A one-year-old Lexus GS hybrid sold for 0.7 per cent more than it was bought for on average MARK ELIAS/BLOOMBERG/GETTY IMAGESSecond-hand electric cars are selling for more than they were bought for because of a rise in demand for green vehicles, according to research. Amid a shortage in the number of eco-friendly vehicles on the market, experts said that drivers could run cars for a year and add thousands of miles to the clock but still sell the vehicle for more than the purchase price.
It begs an obvious question. When it emerged this week that Virgin Trains east coast would collapse in only a few months, it signalled the third time in 11 years that the principal operator of the the 400-mile rail link between London and Edinburgh has imploded. Indeed, three out of the four franchises on the line since it was privatised in the mid-1990s have ended in ignominy. So is it coincidence, or is there something fundamentally wrong with the east coast main line?
Some 280 school-leavers from Surrey, which contains some of the country’s most affluent addresses, got into the two universities in a single year – as many as the combined total from almost a third of England’s local authorities. Figures also show that 11 areas failed to send a single student to Oxford or Cambridge, despite repeated attempts to widen access to elite institutions.
DfT figures show huge rise in number of untaxed vehicles since abolition of the paper tax disc. Evasion rate has tripled since 2013 and costs taxpayer £107m a year in lost revenue: https://t.co/CyPMjMiVOb
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Muck Rack makes it simple to find people, tweets, or articles that mention any name, keyword, company, hashtag etc. We've compiled this guide to help you make the most of your search.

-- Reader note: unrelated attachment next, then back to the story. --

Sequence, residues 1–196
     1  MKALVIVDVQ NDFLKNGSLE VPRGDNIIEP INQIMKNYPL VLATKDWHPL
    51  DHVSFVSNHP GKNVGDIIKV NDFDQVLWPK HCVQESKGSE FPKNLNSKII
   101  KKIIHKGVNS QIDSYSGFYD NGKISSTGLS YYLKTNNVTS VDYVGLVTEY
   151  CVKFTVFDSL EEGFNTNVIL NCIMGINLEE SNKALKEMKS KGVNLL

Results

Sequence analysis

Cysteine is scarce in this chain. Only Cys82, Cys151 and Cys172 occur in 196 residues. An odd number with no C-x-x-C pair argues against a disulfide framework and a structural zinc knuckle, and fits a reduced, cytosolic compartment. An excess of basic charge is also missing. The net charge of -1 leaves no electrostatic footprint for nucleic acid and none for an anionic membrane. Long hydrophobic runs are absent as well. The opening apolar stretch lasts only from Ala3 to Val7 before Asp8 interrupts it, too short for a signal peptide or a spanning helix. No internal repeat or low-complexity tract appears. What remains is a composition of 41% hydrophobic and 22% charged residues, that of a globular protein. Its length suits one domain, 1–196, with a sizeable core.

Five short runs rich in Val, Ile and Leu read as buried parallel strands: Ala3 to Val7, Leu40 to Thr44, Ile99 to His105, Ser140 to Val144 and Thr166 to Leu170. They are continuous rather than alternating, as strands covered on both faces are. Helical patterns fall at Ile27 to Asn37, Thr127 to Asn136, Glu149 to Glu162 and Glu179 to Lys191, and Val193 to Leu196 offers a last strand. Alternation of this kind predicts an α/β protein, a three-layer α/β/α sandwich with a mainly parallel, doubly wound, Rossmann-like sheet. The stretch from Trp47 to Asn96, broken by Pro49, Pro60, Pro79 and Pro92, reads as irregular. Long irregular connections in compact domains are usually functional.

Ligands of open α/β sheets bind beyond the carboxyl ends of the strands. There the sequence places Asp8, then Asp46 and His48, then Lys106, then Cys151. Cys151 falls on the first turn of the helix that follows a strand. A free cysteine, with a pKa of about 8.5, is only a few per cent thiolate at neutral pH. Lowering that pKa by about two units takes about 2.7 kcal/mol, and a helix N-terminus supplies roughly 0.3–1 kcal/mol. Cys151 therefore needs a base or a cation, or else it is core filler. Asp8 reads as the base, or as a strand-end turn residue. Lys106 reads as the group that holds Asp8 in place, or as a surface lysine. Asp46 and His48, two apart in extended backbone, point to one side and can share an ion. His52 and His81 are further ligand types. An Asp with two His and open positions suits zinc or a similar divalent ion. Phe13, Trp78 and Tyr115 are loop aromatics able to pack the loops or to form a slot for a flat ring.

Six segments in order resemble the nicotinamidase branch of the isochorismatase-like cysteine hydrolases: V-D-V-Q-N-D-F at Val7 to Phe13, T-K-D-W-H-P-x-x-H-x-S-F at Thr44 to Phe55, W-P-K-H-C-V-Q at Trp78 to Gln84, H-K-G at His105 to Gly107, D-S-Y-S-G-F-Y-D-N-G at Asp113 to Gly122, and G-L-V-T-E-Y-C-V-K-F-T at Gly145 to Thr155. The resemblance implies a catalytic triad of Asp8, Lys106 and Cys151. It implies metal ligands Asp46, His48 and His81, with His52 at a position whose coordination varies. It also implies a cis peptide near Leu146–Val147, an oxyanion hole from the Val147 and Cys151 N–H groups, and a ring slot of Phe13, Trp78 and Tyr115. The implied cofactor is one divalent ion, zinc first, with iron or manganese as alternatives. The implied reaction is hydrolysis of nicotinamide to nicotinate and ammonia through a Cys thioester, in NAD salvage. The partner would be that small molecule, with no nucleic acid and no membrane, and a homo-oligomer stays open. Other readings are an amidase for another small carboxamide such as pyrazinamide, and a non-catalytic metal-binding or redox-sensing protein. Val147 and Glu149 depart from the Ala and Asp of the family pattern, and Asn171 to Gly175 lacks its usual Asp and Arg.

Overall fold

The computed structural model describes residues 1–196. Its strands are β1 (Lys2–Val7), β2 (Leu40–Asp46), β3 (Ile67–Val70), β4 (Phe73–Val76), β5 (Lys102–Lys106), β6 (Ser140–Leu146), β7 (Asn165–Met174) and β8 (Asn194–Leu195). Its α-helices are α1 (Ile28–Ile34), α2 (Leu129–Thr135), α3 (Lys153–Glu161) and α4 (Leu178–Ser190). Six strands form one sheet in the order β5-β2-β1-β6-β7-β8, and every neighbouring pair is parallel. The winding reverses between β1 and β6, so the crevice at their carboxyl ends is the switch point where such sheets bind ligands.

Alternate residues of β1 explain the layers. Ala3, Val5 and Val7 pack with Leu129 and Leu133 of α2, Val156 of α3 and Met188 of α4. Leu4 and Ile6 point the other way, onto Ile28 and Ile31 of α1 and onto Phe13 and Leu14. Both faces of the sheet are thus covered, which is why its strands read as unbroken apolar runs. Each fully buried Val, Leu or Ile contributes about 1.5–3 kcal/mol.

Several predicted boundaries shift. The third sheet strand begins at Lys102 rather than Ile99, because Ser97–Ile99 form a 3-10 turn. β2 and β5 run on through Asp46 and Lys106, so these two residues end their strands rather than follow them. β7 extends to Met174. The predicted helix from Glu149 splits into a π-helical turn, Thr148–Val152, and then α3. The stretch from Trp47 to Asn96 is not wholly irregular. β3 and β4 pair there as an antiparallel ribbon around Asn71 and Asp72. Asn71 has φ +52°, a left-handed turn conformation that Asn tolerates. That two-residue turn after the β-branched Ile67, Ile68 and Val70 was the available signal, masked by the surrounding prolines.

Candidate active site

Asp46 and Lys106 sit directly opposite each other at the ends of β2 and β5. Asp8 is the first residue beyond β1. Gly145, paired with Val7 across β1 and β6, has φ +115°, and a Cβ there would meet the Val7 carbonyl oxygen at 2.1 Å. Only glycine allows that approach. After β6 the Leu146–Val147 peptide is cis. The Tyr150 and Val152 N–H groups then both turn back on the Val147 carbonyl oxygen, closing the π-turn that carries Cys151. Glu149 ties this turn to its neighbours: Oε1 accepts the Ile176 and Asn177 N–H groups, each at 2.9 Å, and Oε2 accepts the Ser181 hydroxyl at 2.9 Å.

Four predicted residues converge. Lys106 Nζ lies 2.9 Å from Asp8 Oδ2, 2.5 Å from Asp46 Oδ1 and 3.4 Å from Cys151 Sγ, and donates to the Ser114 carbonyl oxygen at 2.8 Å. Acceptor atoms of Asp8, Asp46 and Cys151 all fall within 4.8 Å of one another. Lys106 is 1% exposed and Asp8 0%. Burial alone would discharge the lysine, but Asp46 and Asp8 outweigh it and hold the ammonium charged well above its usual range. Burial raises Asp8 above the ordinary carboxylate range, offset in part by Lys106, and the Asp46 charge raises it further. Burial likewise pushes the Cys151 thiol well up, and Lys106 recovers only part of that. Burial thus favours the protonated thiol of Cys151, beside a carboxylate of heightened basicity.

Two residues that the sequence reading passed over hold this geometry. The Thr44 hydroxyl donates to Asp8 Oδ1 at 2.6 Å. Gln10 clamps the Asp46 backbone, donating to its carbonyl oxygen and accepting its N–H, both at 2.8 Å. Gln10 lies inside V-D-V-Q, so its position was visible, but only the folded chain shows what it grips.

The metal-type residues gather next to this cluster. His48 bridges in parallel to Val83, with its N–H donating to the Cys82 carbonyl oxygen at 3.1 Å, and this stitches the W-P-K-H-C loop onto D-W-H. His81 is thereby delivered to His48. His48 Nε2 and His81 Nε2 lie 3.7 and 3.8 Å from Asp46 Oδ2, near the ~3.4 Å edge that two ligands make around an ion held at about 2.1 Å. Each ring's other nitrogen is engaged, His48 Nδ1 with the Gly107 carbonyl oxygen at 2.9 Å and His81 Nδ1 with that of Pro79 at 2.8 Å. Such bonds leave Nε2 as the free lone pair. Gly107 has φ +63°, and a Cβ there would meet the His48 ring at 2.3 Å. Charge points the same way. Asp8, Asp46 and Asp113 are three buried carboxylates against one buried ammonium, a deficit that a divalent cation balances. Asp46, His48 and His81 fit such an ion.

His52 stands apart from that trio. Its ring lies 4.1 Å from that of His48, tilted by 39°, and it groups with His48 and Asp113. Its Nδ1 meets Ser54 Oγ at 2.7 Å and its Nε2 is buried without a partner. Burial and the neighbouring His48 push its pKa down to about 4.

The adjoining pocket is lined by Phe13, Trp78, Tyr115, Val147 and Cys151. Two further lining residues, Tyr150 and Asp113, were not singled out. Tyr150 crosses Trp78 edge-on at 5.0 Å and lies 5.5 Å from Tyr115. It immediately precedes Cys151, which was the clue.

Selecting a term
Start searching tweets, articles from media outlets, articles mentioned in tweets, journalists'
names, titles and bios with some suggested searches:
Companies or Topics (e.g. iPhone, Microsoft)
Phrases (e.g. "cloud computing") — use quotes to keep the terms together
Twitter handles (e.g. @username) — returns those who have mentioned or replied to
Names (e.g. "David Pogue")
Hashtags (e.g. #sxsw, #london2012)
Bio details (e.g. vegan, Olympics, father)
Muck Rack's Advanced Search allows for many boolean operators.
Find results that mention multiple specified terms, use AND or
+. For example, ensure each result contains both Elon Musk and Mark Zuckerberg by
searching Musk AND Zuckerberg or Musk + Zuckerberg.
Use the operators OR or , to broaden your search when you'd like either of
multiple terms to appear in results. (This is the default behavior of our search when no operators
are used). For example, results will contain either cake or cookie by searching cake OR cookie or cake,cookie
Use NOT or - to subtract results from your search. For
example, searching Disney will yield results about the Walt Disney Company as well as Walt Disney
World Resort. To exclude mentions of Disney World, search for Disney -World or Disney
When using one of these operators with a phrase, enclose it in quotation marks. For example, you can
find results about smartphones excluding Apple's iPhone 4S by searching smartphone -"iPhone
Exact case matching or punctuation
If you're searching for a brand name or keyword that relies on specific punctuation marks or capitalization, you can
find results that match your exact query by adding matchcase: before the keyword you're searching for, like matchcase:E*TRADE .
Use parentheses to separate multiple
boolean phrases. For example, to find journalists talking about having fun in Disney World or
Disneyland, search for ("disney world" OR disneyland) AND fun.
An asterisk can be used to search for any variation of a root word truncated by the asterisk. For example, searching for admin* will return results for administrator, administration, administer, administered, etc.
A near operator is an AND operator where you can control the distance between the words. You can vary the distance the near operation uses by adding a forward slash and number (between 0-99) such as strawberries NEAR/10 "whipped cream", which means the strawberries must exist within 10 words of "whipped cream".